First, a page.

A significant challenge faced by rule-of-law reformers is that newly created legal institutions frequently remain divorced from the de facto rules governing economic transactions. Firms instead rely on informal, and sometimes illegal, means of enforcing contracts, protecting property, and resolving disputes. This article proposes that one key to overcoming the chasm between formal legal institutions and on-the-ground practices is to adopt a broader understanding of legal development. In many cases, developments in spheres that are only indirectly related to formal legal institutions may be equally important, particularly if these developments either (1) increase the costs of illicit alternatives to reliance on law or (2) reduce barriers to firms’ use of formal legal institutions. This article illustrates the argument with two key examples in post-Soviet Russia: banking sector development and improved tax compliance.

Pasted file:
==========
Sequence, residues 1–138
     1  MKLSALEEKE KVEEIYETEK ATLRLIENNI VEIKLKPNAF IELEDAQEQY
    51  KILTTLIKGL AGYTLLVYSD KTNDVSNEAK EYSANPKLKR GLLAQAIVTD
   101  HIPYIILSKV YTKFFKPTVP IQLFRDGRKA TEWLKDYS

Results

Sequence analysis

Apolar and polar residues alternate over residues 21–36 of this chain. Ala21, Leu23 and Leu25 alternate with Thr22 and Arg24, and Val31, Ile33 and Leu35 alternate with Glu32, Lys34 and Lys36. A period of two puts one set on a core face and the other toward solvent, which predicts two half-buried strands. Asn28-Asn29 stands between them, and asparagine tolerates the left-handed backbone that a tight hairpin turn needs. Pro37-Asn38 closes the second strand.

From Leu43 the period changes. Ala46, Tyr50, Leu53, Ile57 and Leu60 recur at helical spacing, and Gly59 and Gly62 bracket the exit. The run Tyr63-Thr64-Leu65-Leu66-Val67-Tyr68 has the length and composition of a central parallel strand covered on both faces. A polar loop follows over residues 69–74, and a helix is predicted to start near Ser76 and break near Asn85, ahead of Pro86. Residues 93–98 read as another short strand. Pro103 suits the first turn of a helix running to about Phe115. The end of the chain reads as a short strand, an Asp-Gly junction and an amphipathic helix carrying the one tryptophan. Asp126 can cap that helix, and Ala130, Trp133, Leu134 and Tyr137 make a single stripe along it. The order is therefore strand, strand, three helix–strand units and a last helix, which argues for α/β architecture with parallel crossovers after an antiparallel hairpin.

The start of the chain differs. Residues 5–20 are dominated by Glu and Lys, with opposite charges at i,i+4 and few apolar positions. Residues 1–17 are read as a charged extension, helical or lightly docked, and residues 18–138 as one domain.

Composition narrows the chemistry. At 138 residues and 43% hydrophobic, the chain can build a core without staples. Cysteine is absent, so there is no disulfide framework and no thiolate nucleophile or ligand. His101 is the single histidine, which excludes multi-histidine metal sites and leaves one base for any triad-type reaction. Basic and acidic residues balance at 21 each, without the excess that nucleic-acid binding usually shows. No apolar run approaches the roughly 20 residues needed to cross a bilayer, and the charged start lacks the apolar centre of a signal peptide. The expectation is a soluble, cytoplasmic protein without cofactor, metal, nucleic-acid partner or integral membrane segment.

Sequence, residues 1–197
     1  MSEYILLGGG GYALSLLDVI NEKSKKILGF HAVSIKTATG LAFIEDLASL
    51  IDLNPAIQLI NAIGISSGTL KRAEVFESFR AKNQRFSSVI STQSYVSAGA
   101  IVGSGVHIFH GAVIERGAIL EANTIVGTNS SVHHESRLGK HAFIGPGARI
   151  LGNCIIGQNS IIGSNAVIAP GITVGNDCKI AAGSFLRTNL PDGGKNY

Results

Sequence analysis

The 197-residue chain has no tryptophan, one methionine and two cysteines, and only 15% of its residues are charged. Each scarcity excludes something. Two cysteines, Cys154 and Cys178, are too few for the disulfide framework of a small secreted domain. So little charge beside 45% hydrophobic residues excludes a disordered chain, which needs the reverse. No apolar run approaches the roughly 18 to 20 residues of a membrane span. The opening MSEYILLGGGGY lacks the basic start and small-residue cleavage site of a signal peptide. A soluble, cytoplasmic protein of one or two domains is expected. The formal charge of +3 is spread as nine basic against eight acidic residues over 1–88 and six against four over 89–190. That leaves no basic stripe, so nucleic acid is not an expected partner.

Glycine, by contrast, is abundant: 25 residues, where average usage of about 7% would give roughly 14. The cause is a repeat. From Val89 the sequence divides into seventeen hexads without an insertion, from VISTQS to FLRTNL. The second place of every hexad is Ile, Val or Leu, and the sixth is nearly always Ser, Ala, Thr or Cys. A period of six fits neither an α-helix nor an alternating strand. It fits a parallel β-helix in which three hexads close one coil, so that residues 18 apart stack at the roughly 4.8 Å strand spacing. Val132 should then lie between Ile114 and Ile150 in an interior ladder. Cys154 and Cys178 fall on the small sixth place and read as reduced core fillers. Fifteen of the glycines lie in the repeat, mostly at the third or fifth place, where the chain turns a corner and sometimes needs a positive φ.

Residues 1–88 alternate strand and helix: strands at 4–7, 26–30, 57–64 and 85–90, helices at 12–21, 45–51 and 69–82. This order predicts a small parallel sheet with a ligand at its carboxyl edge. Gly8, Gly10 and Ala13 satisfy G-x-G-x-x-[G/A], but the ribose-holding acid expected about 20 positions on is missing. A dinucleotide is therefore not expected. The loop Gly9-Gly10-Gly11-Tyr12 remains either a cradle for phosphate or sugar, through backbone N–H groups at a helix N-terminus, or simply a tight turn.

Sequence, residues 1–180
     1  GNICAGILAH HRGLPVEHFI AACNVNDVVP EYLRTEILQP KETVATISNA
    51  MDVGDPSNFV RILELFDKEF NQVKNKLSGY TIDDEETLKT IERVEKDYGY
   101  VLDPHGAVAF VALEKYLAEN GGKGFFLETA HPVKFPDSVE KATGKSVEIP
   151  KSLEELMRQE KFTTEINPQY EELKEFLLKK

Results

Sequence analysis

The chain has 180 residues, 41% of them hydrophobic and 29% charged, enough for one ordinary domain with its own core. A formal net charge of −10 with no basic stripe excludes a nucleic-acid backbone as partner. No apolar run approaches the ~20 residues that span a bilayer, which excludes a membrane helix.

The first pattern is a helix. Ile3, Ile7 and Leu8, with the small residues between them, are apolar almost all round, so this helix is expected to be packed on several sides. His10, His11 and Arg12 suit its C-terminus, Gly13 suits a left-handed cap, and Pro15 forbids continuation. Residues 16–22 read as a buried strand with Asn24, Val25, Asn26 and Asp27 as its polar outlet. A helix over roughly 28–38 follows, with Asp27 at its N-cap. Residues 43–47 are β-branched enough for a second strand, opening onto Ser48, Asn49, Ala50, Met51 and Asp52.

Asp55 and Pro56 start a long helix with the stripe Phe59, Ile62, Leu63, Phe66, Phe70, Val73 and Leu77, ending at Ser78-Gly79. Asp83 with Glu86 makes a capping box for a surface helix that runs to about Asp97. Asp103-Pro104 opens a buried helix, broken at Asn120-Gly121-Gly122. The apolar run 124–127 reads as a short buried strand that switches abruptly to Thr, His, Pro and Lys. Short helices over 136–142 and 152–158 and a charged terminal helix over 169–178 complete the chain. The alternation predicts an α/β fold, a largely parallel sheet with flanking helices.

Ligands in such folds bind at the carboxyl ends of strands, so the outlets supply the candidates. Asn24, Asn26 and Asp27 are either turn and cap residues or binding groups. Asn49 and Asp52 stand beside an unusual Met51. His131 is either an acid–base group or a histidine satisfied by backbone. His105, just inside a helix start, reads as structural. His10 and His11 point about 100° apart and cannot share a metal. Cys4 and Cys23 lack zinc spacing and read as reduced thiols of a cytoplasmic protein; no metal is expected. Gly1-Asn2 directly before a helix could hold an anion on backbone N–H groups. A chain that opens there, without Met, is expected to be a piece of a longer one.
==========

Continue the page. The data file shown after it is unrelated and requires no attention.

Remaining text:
|Original language||English (US)|
|Number of pages||29|
|State||Published - Jan 1 2020|
ASJC Scopus subject areas
- Geography, Planning and Development
- Political Science and International Relations